Asteroid discovery 1852 – Hermann Goldschmidt and the Rosetta asteroid

Asteroid Lutetia, photographed by the Rosetta probe, discovered by Hermann Goldschmidt. (ESA) (ESA)

Originally from Frankfurt am Main, Goldschmidt was not a professional astronomer, but he was enthusiastic about the sky. He mostly made his observations from the skylight of his apartment.

With 14 discoveries, Hermann Goldschmidt was for several years the most successful asteroid observer of all in the mid-19th century.

Breathtaking close-ups

The painter also captured numerous beautiful celestial phenomena such as solar eclipses and comets. But he saw his asteroids in telescopes only as points of light.

Now there are breathtaking close-ups of Lutetia: In 2010, the Rosetta spacecraft flew by at a distance of just over 3,000 kilometers and photographed the craters and mountains.

Lutetia

Der Asteroid Paris (ESA)

Experts combine this data with observations from Earth. The spectral properties of Lutetium’s surface have been shown to be similar to those of meteorites containing the mineral enstatite.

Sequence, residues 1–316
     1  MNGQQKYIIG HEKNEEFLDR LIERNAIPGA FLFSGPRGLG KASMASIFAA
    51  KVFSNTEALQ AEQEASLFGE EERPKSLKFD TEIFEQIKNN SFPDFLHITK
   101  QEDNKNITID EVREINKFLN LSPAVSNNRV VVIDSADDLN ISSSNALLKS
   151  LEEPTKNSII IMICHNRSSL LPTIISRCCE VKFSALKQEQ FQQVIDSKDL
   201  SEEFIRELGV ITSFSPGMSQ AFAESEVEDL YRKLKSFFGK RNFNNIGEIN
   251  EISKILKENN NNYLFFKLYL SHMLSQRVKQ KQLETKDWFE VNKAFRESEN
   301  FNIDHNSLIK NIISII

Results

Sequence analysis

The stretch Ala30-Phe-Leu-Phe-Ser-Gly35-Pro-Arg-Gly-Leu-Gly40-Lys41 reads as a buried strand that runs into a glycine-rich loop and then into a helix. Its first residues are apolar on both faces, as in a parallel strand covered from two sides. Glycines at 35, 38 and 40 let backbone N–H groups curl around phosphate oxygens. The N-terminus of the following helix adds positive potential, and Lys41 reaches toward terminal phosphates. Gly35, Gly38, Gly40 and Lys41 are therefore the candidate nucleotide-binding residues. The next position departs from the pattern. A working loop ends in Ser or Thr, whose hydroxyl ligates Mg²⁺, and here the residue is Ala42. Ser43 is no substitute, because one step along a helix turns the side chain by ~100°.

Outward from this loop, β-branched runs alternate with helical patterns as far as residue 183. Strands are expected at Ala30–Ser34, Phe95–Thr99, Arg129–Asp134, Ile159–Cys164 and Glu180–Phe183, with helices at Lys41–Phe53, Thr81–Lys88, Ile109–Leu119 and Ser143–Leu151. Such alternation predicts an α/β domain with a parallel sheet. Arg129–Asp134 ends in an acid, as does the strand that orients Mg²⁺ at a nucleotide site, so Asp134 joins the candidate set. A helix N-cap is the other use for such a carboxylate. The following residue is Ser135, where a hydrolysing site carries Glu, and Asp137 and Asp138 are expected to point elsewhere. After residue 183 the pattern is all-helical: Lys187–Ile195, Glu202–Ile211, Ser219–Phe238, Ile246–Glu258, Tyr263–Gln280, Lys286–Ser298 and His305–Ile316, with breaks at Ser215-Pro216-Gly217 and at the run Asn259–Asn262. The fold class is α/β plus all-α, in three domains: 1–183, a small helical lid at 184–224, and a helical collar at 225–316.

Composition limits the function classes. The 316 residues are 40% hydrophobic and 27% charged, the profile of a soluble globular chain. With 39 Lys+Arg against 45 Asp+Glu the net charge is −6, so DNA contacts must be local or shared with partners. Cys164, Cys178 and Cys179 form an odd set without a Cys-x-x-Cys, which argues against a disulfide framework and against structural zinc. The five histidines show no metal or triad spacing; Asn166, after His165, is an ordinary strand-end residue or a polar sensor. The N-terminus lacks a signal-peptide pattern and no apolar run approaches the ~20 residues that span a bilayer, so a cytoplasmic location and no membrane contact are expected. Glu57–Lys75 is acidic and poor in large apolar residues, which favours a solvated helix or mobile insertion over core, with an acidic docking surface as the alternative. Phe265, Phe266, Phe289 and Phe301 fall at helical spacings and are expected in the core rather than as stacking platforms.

These bodies are thought to have formed quite close to the Sun and were once part of the raw material of Mercury, Venus and Earth. But Lutetia, about a hundred kilometers in diameter, did not merge with any of the clustering planets.

Instead, it was directed to a more distant orbit between Mars and Jupiter, where it still orbits the Sun today – and where it was discovered by Hermann Goldschmidt.

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